Location: Indiana, United States

I became a Professor Emeritus after serving 29 years as a recreational therapy faculty member at Indiana University. I'm a long-time Hoosier, having grown up in Hanover, Indiana. My RT practitioner work was in psych/mental health. After completing my Ph.D. at the University of Illinois, my first faculty position was at the University of North Texas. RT has been a wonderful profession for me as I have had the opportunity to serve as an author and national leader.

Tuesday, May 12, 2009

Shortage of RTs?

I recently read with interest a post on Charlie Dixon's Recreational Therapy Blog.
He stated that: "over the course of this past several months I have heard from about six employers that they are having a difficult time finding someone to take their recreation therapist or activity director job opening. They say that they have posted job openings at the Therapeutic Recreation Directory,, local newspapers, etc and was not able to find a suitable candidate and/or very few people applied for the job.

"There is a state psych hospital near where I work that has had extreme difficulty in finding a TR for their rec therapy position for several years!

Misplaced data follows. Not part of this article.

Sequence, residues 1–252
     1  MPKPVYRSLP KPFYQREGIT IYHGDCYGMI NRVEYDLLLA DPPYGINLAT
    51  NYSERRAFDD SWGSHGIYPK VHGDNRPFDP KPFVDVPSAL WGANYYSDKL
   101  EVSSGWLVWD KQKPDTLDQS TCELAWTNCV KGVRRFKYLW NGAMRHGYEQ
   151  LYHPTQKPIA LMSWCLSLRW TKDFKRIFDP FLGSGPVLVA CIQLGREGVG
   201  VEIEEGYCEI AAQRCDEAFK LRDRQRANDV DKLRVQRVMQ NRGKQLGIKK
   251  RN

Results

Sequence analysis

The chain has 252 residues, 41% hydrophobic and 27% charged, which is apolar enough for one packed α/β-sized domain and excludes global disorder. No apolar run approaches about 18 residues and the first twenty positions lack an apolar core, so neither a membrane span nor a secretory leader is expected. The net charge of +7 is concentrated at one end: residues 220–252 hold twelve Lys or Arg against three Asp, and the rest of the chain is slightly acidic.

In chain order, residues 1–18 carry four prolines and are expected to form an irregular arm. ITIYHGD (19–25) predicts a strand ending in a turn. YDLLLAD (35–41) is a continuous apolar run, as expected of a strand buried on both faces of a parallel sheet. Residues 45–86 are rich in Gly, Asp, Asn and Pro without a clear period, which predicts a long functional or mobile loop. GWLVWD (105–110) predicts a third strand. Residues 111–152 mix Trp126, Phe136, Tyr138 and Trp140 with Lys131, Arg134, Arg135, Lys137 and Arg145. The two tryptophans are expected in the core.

"I don’t know what the real answer is. I can only speculate… can it be that the position is in a very rural area and no one wants to relocate to such a setting? Can it be that people are “picky” with the types of jobs or places they are willing to work? Are people not willing to “pay the dues” and work in lower paying or less desirable jobs? Are the pay scale too low? With more colleges dropping TR programs are there not enough TRs out there?

I also hear from others having gone through many interviews and not being selected."

I wonder just what is going on with the situation with jobs. There are fewer and fewer universities producing RTs. Perhaps this enters into the shortage. Also, I know that at many universities students take undergraduate degrees in RT and then go on for a master's degree in PT or OT instead of entering the field.

As for those who interviewed and were not selected, perhaps they should look at the quality of professional preparation they have received. Too many universities simply have weak programs that do not adequately prepare their graduates to do clinical work.


Blogger Mike Sutherland said...

I have always been amazed at the inability of employers to find RTs as well. I wonder if they are being too picky or they are "holding out for higher pay"? But it seems to me that if employers search for too long, they might get other ideas including ones that don't include RTs at all.

Recently my coworker left and created an opening for a new RT. I work in an urban, Level 1 trauma hospital's inpatient rehab unit. We had 9 applicants for this position...not too shabby. We interviewed 7 before selecting one. I would say that of the 7 we wold have hired maybe the top 5 which also speaks highly of the quality of those candidates. This seems to fly in the face of the shortage theory but overall I still wonder about the quality of RTs.

8:11 PM  

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